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State v. Edwards

Court of Appeals of Georgia

May 7, 2015

THE STATE
v.
EDWARDS et al

Cert. applied for.

Motion to suppress. Cobb Superior Court. Before Judge Cox, pro hac vice.

D. Victor Reynolds, District Attorney, Daniel J. Quinn, Assistant District Attorney, for appellant.

David D. Marshall; Jill E. Stahlman; Lane & Lane, Charles W. Lane, for appellees.

OPINION

Page 431

Andrews, Presiding Judge.

Leonard Adrian Edwards and Ashley McMillain were jointly indicted on charges of trafficking in marijuana by possession of more than ten pounds of marijuana.[1] Edwards filed a pre-trial motion to suppress evidence obtained from his residence as a result of: (1) an initial entry by police officers into the residence without a search warrant; and (2) a subsequent re-entry and search of the residence by the officers pursuant to a search warrant. McMillain, who also resided at the residence, adopted and joined in the motion to suppress. After a hearing on the motion, the trial court entered an order granting the motion to suppress.[2] Pursuant to OCGA § 5-7-1 (a) (4), the State brings this pre-trial appeal claiming that the trial court erred by granting the motion to suppress evidence found by officers in the residence pursuant to the search warrant. For the following reasons, we affirm the suppression order in part and reverse in part.

On review of a trial court's ruling on a motion to suppress, " the trial court's findings on disputed facts will be upheld unless clearly erroneous, and its application of the law to undisputed facts is subject to de novo review." Barrett v. State, 289 Ga. 197, 200 (709 S.E.2d 816) (2011).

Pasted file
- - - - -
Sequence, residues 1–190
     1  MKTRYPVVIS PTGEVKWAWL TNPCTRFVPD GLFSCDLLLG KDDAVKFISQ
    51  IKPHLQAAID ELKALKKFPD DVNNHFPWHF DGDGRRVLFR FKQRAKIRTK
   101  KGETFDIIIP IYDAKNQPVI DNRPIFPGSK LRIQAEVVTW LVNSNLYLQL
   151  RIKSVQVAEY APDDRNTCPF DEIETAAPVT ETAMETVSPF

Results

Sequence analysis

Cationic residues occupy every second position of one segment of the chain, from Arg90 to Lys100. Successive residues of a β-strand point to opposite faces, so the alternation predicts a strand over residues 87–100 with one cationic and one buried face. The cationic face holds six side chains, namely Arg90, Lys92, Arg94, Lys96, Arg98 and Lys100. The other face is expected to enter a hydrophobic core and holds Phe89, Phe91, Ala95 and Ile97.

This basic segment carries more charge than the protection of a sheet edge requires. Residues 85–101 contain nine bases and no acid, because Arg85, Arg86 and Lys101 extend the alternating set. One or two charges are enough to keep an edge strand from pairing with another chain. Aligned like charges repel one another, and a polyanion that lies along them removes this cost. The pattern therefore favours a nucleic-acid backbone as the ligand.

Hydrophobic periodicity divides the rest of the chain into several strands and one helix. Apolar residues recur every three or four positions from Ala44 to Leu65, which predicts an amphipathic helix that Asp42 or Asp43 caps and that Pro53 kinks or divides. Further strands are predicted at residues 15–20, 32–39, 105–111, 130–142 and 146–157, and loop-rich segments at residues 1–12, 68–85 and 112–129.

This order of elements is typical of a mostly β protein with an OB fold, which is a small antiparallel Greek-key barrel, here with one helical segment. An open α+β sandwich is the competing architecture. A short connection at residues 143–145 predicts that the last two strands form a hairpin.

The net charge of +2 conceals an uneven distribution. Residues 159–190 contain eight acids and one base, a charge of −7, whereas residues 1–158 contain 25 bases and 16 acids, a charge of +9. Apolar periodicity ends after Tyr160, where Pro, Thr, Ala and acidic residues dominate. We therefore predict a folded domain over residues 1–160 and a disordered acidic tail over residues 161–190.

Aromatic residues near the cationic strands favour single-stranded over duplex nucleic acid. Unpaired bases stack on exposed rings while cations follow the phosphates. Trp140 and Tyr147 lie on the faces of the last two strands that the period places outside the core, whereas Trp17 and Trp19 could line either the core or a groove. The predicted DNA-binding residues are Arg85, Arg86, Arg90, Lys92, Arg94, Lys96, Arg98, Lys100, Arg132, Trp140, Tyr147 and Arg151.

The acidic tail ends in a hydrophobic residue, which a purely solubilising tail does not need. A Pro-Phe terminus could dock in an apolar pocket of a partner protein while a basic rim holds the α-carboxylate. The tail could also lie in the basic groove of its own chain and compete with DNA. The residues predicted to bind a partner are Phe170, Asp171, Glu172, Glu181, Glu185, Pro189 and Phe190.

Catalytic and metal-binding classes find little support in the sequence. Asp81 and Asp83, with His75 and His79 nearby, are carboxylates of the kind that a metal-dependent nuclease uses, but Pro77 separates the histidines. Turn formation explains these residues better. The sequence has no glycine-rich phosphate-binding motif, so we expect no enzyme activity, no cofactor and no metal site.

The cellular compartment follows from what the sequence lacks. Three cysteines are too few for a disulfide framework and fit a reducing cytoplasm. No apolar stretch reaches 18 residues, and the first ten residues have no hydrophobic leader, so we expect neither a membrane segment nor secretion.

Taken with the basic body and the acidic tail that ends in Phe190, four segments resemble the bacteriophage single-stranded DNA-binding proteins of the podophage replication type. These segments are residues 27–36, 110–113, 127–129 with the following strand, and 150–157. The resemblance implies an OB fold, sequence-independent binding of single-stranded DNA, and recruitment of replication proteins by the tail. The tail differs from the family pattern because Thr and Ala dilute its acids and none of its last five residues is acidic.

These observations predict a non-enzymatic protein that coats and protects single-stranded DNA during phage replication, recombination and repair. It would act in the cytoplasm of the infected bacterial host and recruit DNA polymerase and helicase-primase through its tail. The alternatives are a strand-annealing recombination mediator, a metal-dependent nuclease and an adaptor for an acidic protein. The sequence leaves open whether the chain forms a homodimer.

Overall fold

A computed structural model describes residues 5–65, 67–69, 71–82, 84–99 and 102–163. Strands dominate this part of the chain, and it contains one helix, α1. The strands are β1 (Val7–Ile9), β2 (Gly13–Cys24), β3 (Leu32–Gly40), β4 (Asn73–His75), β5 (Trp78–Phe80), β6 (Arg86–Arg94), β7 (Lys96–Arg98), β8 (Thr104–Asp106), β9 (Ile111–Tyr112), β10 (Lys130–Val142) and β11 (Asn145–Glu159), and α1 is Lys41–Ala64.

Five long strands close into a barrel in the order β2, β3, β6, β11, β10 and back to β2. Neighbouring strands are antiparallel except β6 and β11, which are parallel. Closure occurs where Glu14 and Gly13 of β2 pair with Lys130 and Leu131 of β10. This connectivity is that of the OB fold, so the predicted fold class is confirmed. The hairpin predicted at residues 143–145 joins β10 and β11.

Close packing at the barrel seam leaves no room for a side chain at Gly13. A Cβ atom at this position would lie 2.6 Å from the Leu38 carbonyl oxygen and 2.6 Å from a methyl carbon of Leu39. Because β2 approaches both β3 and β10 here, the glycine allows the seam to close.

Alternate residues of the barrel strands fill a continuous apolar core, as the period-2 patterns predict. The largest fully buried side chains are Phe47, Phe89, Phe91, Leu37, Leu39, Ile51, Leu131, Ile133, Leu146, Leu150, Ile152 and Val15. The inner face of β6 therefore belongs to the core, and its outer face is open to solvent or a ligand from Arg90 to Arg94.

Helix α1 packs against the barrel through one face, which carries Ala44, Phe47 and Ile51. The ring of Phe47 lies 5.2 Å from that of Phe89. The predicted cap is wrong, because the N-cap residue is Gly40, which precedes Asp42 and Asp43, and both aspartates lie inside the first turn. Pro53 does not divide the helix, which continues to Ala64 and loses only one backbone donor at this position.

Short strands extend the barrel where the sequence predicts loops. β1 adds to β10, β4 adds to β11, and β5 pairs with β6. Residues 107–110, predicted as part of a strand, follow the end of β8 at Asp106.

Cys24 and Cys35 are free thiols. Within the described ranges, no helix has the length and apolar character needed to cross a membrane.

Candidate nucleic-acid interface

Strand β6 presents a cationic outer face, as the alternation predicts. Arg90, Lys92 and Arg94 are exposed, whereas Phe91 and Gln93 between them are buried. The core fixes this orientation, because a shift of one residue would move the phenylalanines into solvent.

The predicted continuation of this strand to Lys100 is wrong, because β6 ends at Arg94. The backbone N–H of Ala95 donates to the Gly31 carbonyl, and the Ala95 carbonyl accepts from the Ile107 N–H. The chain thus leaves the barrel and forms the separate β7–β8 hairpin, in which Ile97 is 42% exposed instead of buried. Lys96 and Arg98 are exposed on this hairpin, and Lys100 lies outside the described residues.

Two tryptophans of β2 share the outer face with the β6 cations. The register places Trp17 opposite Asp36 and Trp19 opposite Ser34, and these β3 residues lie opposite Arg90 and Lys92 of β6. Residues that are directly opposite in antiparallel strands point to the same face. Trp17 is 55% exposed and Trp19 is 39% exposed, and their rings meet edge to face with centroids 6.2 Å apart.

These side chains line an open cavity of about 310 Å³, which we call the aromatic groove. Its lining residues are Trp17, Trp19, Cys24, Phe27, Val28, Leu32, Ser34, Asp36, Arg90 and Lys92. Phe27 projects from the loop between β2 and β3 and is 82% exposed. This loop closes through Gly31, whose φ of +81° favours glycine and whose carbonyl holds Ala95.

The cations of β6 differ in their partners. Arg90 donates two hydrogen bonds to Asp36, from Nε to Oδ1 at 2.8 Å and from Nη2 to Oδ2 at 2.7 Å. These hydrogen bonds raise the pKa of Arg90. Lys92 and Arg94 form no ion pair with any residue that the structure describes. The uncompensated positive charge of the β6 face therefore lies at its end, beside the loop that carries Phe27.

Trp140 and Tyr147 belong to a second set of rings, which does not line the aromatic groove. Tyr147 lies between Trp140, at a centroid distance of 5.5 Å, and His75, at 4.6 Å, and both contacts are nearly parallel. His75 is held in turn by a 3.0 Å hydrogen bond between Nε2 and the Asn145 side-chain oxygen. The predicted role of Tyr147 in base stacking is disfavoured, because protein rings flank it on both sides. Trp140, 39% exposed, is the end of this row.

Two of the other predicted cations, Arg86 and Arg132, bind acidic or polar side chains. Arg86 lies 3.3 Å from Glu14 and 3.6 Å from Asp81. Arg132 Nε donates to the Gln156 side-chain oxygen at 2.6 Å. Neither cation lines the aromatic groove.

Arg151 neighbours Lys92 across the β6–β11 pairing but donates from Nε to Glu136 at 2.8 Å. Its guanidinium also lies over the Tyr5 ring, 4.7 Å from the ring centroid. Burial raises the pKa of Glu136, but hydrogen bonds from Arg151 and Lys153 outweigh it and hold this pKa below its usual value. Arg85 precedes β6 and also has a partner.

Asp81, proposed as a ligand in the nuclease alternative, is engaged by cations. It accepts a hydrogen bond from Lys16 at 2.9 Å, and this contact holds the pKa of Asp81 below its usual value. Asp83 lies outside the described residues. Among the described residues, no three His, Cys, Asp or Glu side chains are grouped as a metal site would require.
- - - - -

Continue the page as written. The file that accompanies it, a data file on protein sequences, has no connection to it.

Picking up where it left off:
At the hearing on the motion to suppress, police officers gave the following testimony: On the basis of information provided in an anonymous phone call, Cobb County narcotics officers approached the residence occupied by Edwards and McMillain to conduct a so-called " knock and talk," for the purpose of investigating suspicions of illegal drug activity at the residence. The State does not dispute that, when the officers initially knocked on the door of the residence, they had no probable cause for issuance of a warrant to enter and search the residence, nor did they have probable cause and exigent circumstances necessary to justify an immediate entry and search of the residence. A man (later identified as Edwards) opened the door of [332 Ga.App. 343] the residence in response to the officers' knock, and the officers (who were uniformed and identified themselves as police officers) immediately smelled the strong odor of raw marijuana coming from inside the residence. One of the narcotics officers who smelled the marijuana recognized the odor of marijuana because he was trained to detect the odor, and because he had experienced the smell of marijuana in hundreds of cases handled during his career. As the officers stood

Page 432

at the open door and explained to Edwards why they were there, Edwards moved back and to the side, going behind the open door. Acting for their own safety, the officers stepped into the residence, just inside the door, and grabbed and secured Edwards. Officers found a pistol and $7,000 in cash on Edwards's person. Once inside the door, one of the officers could see from that position what appeared to be a large amount of raw marijuana a few feet away in clear plastic bags " pretty much everywhere in the kitchen." Within seconds after entering the residence to secure Edwards, the officers heard heavy footsteps of someone running upstairs in the residence in the direction of the stairs that led from the first floor to the second floor. The officers, who were near the bottom of the stairs, went up the stairs to investigate the potential threat. When they reached the top of the stairs, officers saw a man (later identified as Stewart) run through a room and jump out the second floor window of the residence. At that point, the officers left the residence, secured the door, and waited outside while one of the officers applied for a warrant to search the residence.